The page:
Safety

 

 

Electrical construction is dangerous work. Electrical contractors and workers must always adhere to safety best practices. Just what are those practices? The following articles, listed chronologically by date, document safety measures and practices that help ensure everyone gets home safely at the end of the work day. 

According to the U.S. Bureau of Labor Statistics, more than 50 workers die annually in excavation and trenching accidents. Though most electricians are not directly involved in excavating operations, electrical workers may get involved when completing underground line work.

Recently, I read an article in American School and University magazine by Tom Tapper that discusses competence and communication. Although his article focuses on education, it caused me to consider what the words “competence” and “communication” mean in our fire alarm systems profession. 


Arc rating only


“What do you mean we need to relabel the electrical equipment? Didn’t we just do this a few years ago?”


We have heard from the Occupational Safety and Health Administration (OSHA) and the industry that, for a safety program to be effective, management must be involved. What does that mean? Do they only fund the program? Does management hire just one person to oversee safety?

More on Safety

 
Solid Conductors, Nonlinear Loads, Hazardous Locations and More
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Article 100 Definitions Article 110 Requirements for Electrical Installations Article 210 Branch Circuits Article 220 Branch-Circuit, Feeder and Service Calculations Article 300 Wiring Methods Article 310 Conductors for General Wiring Article 450 Transformers and Transformer Vaults Article 500 Hazar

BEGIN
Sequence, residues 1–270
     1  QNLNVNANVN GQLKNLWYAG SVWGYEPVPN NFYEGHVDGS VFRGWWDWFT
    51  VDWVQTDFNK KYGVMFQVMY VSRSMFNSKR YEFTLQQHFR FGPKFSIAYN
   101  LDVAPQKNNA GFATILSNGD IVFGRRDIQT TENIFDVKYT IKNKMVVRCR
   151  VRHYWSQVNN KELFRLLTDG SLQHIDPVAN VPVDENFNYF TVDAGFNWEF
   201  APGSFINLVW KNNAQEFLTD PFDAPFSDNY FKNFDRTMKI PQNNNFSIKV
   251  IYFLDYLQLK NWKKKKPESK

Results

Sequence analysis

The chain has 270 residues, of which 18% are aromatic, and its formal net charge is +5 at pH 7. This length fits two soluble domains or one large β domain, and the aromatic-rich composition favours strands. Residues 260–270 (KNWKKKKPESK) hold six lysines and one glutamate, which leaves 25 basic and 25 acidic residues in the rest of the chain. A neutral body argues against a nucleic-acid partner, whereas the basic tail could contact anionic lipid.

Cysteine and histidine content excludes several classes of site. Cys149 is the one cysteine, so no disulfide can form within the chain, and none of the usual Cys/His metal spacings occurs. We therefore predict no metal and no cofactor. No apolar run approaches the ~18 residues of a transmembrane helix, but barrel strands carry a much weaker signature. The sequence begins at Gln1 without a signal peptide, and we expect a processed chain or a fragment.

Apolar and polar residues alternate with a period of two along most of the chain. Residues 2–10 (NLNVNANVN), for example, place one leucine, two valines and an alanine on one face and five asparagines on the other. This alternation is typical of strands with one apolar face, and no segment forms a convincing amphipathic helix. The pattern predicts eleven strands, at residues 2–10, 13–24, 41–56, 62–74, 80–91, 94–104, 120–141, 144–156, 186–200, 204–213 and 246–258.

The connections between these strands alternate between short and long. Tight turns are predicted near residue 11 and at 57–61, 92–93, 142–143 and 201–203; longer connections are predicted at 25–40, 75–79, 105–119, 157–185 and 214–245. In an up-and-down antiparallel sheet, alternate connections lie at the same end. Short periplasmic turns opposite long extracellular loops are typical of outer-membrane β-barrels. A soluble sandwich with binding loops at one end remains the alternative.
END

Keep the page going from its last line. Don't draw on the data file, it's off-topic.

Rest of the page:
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Production, Comfort and Ergonomics
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‘The right tool for the job’ is more than just a cliche The war rages on about ergonomics. The available science, costs and responsibility for musculoskeletal injuries seems to be the focus.

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A Roller Coaster of Code Requirements
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Regulations for public places and amusement parks Attempting to design a fire alarm system for an amusement park can be as daunting to some as riding a roller coaster.

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Precursors to a Fall
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Slips, trips and stumbles can lead to serious injury Falls may not sound like a serious topic, but they cost billions each year. They account for 15 percent of workplace injuries and one-third of construction fatalities.

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Eye and Face Protection
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Safety should be the best motivator It’s hard to resist telling morbid stories of occupational accidents to motivate individuals to take safety precautions. However, the ease with which foreign objects can enter the eyes should speak for itself.

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The Dirt On Ground Rods
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If you’re reading this, chances are you have enjoyed the sense of accomplishment that comes from driving an 8-foot long, mostly steel rod into the earth and connecting a ground wire to it. It’s tough work.

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Surviving an OSHA Inspection
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When a Compliance Safety and Health Officer (CSHO) from the Occupational Safety and Health Administration (OSHA) visits an unprepared job site, the reactions can be amusing. Usually, the word travels throughout the site and employees scramble.

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